Discussion in 'Health and Fitness' started by Revobuzz, Oct 17, 2011.
i probably shouldn't... but just for the lulz, here's higaonna being hardcore:
[ame="http://www.youtube.com/watch?v=zcjmPA2g26I"]Morio Higaonna: kote kitae - YouTube[/ame]
Inappropriate comment removed
Are you sure you wanted to write that??!!
No. No he didn't.
Hey man, you started it.
First of all that's called a joke! It was in direct connection with one of your previous posts. You quoted an article from the above mentioned papers...
Your reaction was more than inappropriate!
I know where it came from. I just don't take things like that lying down. Sorry if I struck a nerve, but you struck one too. :/
You were insulting and disrespectful to Kid_Moe - no excuses!
A frank, open and immediate apology is appropriate at this very moment.
Struck a nerve?! You were simply being rude... You mentioned my mother!!! That has nothing to do with striking a nerve but has everything to do with you being emotionally disturbed!!! I will not be dragged into a dispute by an online tough guy... I will just ignore you little girl...
Are you really that embarrassed/disgusted that you quoted from a gay news site?
Back on track please guys.
Find a buddy who's willing to spar with you, then spar with just body shots allowed without any hand protection. Spar vigorously and actually try to punch each other fairly hard. You will quickly see some conditioning is necessary.
Knuckle push-ups aren't hand conditioning anyways. Makiwara work technically isn't hand conditioning either, it's primarily for the development of the technique and the wrist. Building large knuckles is a secondary side effect.
And some apologies are in order, Chadderz. Your comments were wholly inappropriate and uncalled for.
Right you are. Chadderz clearly considers that hand conditioning is stupid. I'd like to argue the opposite hypothesis...
I suggest that not conditioning your hands if you intend hitting people with them may be rather unwise.
But what do we mean by 'hand conditioning'. Well increasing bone size and density (through accretion and mineralisation) would surely be beneficial? Bigger, stronger bones will be better equipped to cope with the stresses of impact - whether you get the technique right or wrong. I trust that no-one here would argue with that?
But can we make the bones stronger without damaging ourselves in the process? I think that clearly this is possible, given that many, many forms of exercise strengthen the bones. The simple act of the muscles pulling on the bones does this. Which is why older people are advised to exercise to avoid osteoporosis. I also believe (though there is as yet limited evidence for this) that repeated low levels of impact have a similar effect.
So to makiwara training. Its true that many people have damaged themselves hitting the makiwara. But there are many others who haven't. Look at Higaonna in the video that Fish posted. He is, I think, in his 70s and still doing what to most of us seem to be crazy things that would cripple us. How does he do it? I think its because he started - and continued - in the right way.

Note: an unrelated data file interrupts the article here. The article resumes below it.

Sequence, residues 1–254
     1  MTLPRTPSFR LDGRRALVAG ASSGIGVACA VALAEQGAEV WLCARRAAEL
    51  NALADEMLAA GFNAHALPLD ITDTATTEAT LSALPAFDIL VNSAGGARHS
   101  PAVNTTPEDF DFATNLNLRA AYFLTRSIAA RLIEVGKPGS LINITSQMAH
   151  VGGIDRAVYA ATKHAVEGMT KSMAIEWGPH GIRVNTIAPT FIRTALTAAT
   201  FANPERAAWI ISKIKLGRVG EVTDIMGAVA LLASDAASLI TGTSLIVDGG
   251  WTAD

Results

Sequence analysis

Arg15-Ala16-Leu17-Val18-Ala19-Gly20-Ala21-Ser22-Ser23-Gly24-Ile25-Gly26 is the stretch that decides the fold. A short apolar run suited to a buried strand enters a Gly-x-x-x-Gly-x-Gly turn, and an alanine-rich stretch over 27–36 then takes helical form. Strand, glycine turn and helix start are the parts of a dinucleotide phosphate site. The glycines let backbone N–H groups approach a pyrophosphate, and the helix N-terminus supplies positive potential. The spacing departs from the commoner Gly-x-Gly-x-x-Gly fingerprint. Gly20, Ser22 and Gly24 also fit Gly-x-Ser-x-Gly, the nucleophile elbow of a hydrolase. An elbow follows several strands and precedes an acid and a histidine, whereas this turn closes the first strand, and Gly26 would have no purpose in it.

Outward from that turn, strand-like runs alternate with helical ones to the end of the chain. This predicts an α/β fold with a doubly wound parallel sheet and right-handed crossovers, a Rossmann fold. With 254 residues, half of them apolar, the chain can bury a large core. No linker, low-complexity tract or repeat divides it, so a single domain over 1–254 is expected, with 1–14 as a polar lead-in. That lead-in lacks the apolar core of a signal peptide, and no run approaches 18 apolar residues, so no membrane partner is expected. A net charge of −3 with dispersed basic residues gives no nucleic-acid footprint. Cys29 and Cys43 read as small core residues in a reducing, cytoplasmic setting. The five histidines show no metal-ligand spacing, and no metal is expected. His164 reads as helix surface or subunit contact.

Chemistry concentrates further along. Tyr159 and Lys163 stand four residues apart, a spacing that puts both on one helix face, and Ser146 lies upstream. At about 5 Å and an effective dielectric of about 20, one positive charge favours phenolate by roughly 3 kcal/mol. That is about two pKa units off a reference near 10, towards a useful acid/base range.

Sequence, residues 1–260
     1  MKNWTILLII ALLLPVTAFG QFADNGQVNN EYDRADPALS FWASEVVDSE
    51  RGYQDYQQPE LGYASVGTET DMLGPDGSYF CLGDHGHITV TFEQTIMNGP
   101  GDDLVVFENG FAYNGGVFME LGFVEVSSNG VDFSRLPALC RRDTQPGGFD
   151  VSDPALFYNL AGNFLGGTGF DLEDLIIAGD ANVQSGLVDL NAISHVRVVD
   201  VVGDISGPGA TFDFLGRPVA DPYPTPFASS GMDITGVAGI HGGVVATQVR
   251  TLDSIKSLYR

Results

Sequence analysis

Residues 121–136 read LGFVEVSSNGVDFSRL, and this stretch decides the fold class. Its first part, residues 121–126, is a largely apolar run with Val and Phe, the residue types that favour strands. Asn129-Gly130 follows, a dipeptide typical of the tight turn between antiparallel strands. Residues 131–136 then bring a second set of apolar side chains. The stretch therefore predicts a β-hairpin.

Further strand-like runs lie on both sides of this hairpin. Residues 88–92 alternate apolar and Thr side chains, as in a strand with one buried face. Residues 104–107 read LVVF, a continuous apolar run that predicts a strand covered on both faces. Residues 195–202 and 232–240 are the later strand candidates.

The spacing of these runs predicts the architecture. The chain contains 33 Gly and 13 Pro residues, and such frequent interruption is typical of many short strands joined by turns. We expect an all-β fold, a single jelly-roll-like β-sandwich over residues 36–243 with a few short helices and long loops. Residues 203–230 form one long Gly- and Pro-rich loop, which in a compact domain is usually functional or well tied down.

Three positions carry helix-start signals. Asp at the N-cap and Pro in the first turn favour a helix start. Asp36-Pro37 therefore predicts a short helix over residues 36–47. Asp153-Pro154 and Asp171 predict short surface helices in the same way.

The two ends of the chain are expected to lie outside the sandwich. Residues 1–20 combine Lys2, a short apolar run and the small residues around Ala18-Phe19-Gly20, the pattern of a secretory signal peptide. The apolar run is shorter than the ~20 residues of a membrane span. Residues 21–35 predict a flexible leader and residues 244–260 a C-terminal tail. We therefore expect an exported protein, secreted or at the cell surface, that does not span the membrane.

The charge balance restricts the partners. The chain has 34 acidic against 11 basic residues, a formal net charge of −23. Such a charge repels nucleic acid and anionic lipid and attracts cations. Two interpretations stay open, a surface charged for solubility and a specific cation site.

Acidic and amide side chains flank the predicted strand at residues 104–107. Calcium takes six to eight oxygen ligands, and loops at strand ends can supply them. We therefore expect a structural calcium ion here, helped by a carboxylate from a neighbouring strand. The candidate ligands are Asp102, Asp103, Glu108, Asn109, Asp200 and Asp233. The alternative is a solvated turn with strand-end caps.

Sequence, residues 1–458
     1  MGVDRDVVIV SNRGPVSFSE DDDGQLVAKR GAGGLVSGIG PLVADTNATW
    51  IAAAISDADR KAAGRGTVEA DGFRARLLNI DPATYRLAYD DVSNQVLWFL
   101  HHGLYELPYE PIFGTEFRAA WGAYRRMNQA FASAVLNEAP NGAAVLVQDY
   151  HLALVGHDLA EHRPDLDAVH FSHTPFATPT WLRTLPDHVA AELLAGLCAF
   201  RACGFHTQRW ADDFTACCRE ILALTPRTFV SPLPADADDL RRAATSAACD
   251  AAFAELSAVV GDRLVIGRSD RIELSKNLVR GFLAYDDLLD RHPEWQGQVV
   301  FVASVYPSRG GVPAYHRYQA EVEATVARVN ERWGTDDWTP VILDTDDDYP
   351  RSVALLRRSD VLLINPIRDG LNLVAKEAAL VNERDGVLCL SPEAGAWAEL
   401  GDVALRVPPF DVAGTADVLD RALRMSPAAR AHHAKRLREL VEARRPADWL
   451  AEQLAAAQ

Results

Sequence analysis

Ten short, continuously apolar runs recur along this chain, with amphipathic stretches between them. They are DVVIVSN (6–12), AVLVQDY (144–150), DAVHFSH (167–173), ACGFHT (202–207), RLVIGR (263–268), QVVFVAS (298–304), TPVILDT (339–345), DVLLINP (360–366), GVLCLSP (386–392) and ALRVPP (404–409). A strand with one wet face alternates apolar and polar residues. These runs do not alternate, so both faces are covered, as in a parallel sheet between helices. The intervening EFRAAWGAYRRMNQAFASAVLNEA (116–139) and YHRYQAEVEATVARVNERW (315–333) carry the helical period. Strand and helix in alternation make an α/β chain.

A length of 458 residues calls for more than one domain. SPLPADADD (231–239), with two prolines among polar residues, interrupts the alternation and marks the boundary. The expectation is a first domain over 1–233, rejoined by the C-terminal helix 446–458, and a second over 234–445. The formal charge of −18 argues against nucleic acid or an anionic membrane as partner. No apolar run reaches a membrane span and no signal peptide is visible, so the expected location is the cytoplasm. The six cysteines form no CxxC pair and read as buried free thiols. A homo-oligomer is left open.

Gichin Funakoshi's writings give some hints as to how makiwara training was done in the past. You'd start the student hitting the makiwara as quite a young child, but they wouldn't hit it very hard. Even as an adult you don't necessarily have to hit it hard - you just do quite a few reps, quite often.
And this is the key I think. Look at what Higaonna can do in his 70s. Funakoshi started makiwara training as a young child, yet he was still doing calligraphy at around 90 years of age. Clearly he hadn't caused himself too many problems with his hands. So it is undeniably possible to condition the hands without causing major damage to the hands. But it needs to be done gradually, incrementally and progressively.
Okay okay, so here it is:
Conditioning your hands DOES happen all the time. When you hit the pads, or a heavy bag, they all strengthen your bones. Fine. If you punch to hard, or open a fracture, you are welding two or more bones together. That is why I find it dangerous to condition your hands, because there are so many bones there.
Press ups on knuckles help forearms and wrists in a way that press ups on hands don't.
Press ups on knuckles do no harm to your hands.
So what's the problem?
I think we have moved on to hand conditioning in general now Mitch
Dangerous if done incorrectly or recklessly. When done progressively and intelligently, it has little risk. Much in the same way makiwara work conditions the fist of a karateka as a side effect, so does a Thai boxer working the heavy bag condition the shins as a side effect. The primary purpose of both is to develop a powerful technique.
However, if you EVER plan on using a closed fist as a striking instrument, you'd be wise to look into some type of hand conditioning.
I'm slightly confused. I've not heard of Wolfe's law before but I don't see anything on that page that supports your statement above. Where does it mention "welding two or bones together"?
If you punch things and mess up the cartilidge, your bones can fuse.
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